Clayson, Hollis. Paris in Despair: Art and Everyday Life Under Siege (1870-1871)Horne, Sir Alistair. The Fall of Paris: The Siege and the Commune 1870-1871Lenin, V.I. The Paris CommuneMarx, Karl and V.I. Lenin. The Civil War in France: The Paris CommunePrzyblyski, Jeannene M. Revolution at a Standstill: Photography and the Paris Commune of 1871le Quillec, Robert. La Commune de Paris: Bibliographie Critique 1871-1997Shafer, David A. The Paris Commune: French Politics, Culture, and Society at the Crossroads of the Revolutionary Tradition and Revolutionary SocialismStarr, Peter. Commemorating Trauma: The Paris Commune and its Cultural AftermathTombs, Robert. The War Against Paris, 1871Tombs, Robert. The Paris Commune, 1871
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Siege and Commune of Paris Collection (ca. 1870-1871)   Tags: commune, commune de paris, history (france), paris commune, siege, siege and commune  

Find resources in and related to the Siege and Commune of Paris Collection at the Charles Deering McCormick Library of Special Collections
Last Updated: Oct 25, 2013 URL: Print Guide RSS Updates

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Significant Dates

19 July 1870: Emperor Napoleon III declares war on Germany (really a coalition of German states, led by Prussia)

31 August 1870: France surrenders to Germany at the Battle of Sedan

4 September 1870: Napoleon III deposed; Third Republic established

19 September 1870: Germans begin their siege of Paris

28 January 1871: Paris surrenders to the Germans; Armistice includes provision for election of French National Assembly (February 1871)

1 March 1871: Settlement with Germany ratified

18 March 1871: Resistance erupts in Paris

26 March 1871: Municipal elections are held and the Revolutionaries are victorious; the Paris Commune is established

21 May 1871: French national troops enter an undefended section of Paris; la semaine sanglante (bloody week) begins

28 May 1871: Commune forces are defeated; French national government takes harsh measures against the revolutionaries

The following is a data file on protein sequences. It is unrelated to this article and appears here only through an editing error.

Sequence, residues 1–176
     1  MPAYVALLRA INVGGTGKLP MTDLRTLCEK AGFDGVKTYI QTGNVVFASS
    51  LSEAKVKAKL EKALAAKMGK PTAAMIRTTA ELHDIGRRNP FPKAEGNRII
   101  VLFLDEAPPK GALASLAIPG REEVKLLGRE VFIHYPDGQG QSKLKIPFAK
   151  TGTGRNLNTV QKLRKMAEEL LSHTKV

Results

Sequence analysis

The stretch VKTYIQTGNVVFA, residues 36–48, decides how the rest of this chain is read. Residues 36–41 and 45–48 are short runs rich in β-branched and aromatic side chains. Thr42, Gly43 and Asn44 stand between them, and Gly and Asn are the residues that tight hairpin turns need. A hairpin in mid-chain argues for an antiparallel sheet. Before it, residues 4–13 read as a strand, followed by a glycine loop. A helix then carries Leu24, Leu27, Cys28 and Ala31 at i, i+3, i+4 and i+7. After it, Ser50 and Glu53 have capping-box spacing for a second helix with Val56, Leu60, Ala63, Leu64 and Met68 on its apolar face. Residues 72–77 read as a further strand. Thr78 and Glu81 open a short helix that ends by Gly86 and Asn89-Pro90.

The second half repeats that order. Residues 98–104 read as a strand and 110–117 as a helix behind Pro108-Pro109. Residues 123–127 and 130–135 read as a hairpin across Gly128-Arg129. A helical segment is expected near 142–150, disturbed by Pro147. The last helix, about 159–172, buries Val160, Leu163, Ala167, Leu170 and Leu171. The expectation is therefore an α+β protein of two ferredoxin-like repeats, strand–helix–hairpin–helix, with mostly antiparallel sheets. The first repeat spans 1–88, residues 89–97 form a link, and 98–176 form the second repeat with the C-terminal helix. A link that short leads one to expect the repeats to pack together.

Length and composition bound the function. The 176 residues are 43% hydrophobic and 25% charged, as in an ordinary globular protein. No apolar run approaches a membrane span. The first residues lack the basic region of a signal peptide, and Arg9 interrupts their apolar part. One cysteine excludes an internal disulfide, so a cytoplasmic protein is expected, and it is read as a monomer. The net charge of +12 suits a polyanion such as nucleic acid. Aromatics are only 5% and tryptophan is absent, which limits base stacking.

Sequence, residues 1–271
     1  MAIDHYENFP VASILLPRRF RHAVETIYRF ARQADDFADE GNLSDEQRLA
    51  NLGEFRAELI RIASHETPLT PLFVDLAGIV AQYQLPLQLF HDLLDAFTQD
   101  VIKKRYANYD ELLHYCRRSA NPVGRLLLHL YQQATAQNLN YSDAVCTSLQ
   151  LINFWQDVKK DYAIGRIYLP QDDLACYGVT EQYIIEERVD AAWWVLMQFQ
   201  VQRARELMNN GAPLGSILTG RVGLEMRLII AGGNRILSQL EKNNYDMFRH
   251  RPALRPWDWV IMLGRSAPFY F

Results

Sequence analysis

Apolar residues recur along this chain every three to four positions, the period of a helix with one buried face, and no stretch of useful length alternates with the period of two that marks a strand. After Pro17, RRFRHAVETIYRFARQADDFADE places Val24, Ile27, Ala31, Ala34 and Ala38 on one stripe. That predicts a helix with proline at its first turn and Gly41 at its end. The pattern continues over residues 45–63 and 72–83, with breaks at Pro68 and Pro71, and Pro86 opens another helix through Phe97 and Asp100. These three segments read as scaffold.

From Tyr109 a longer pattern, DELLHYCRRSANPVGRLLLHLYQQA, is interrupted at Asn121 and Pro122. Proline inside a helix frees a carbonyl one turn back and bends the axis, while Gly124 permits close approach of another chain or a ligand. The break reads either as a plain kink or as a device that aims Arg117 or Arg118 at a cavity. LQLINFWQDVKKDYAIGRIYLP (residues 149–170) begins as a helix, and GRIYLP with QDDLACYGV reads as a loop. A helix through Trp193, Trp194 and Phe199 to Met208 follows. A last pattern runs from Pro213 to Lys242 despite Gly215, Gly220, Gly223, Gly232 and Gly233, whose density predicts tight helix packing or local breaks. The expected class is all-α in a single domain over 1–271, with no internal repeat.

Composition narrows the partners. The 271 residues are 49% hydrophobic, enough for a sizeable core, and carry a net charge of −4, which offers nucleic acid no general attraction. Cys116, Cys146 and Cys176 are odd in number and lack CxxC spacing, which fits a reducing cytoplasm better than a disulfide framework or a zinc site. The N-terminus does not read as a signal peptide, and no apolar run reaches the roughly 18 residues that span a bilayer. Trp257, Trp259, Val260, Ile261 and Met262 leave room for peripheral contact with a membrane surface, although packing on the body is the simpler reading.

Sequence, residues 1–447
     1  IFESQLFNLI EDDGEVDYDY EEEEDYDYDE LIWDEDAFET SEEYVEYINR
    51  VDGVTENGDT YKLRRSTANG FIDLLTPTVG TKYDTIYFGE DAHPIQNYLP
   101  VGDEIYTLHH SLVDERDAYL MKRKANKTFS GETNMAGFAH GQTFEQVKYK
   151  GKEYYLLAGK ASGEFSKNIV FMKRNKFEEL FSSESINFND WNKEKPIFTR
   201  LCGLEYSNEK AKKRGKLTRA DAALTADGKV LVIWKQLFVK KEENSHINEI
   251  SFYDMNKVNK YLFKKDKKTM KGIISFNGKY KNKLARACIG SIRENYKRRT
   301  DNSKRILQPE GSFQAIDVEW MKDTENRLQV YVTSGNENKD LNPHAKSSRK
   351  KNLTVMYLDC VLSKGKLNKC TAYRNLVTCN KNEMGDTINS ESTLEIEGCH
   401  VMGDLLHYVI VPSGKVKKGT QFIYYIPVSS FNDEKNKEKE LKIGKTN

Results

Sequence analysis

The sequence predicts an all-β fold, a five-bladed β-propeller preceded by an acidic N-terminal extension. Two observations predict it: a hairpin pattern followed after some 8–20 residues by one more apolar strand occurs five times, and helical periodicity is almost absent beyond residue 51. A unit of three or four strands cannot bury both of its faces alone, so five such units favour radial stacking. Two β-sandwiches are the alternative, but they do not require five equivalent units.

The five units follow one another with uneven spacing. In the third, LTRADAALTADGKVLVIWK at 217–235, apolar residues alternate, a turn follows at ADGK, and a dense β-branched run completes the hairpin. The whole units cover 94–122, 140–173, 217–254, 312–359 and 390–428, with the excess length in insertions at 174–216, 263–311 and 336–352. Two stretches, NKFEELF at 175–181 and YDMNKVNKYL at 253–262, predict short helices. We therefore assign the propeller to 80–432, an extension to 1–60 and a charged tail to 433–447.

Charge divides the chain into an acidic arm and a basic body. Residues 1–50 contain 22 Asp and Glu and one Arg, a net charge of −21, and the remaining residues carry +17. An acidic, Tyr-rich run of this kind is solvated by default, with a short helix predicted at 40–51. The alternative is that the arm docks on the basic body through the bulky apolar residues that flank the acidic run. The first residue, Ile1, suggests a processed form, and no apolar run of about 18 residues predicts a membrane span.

Hotel de ville (City Hall) after 1871 fire

Hôtel de ville (City Hall) after 1871 fire

The Charles Deering McCormick Library of Special Collections at Northwestern University Library is home to one of the premier collections of original source materials on the Siege and Commune of Paris (ca. 1870-1871). Included in the collection are photographs, caricatures, newspapers, books, pamphlets and posters. Over 1200 of the Library's photographs and other images from this collection have been digitized, like the one above, and are available on the Library's website.

Though the government of the Paris Commune lasted only a very brief period (March-May 1871), this moment in French history stands out as one of the most significant, and has often been referred to as a model worker's revolution. Prior to this, in order to bolster France's waning power on the European continent, and his own at home, Napoleon III declared war on a coalition of German states led by Prussia, resulting in the Franco-Prussian War of 1870-1871. France was defeated by the Germans at the Battle of Sedan and Napoleon III was deposed in late 1870, spelling the end for the Second Empire. A new French government of national defense, the Third Republic, was quickly established and an armistice, ratified on 1 March 1871, included a provision for the election of a French National Assembly, which would have the authority to conclude a peace with Germany.

The new French national government was dominated by provincial royalists, however, and with movement of the government to Versailles, republican Parisians feared a return to monarchy. At odds with the Parisians, Adolphe Thiers, executive head of the provisional national government disarmed the National Guard, a citizens' militia organized to assist in the defense of Paris during the 1870 German siege and made up primarily of workers, and another French revolution was born. The revolutionaries dominated municipal elections in March 1871, and organized a communal government, the Commune de Paris (Paris Commune). Commune members included "Jacobins" who followed Revolutionary traditions of 1793, Proudhonists or socialists who supported a nation-wide federation of communal governments, and Blanquistes, socialists who demanded violent action to bring about change.

Following the quick suppression of several communes accross France, the Versailles government attacked the insurgents, known as Fédérés, completely crushing them. 20,000 revolutionaries were killed during a single bloody week known as la semaine sanglante, while only 750 government troops lost their lives. The national government took harsh  repressive measures following their victory, imprisoning and exiling many of the remaining Communards.

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